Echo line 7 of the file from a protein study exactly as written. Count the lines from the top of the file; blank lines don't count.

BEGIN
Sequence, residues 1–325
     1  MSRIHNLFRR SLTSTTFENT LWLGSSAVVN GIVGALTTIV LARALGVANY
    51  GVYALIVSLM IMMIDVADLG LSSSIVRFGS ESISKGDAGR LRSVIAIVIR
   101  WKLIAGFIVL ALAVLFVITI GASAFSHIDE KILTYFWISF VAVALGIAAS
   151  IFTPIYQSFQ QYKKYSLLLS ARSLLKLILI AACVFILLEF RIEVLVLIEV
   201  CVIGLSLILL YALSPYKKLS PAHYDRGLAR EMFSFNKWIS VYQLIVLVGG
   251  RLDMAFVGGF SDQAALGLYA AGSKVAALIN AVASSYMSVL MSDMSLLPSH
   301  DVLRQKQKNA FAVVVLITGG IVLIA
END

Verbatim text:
   251  RLDMAFVGGF SDQAALGLYA AGSKVAALIN AVASSYMSVL MSDMSLLPSH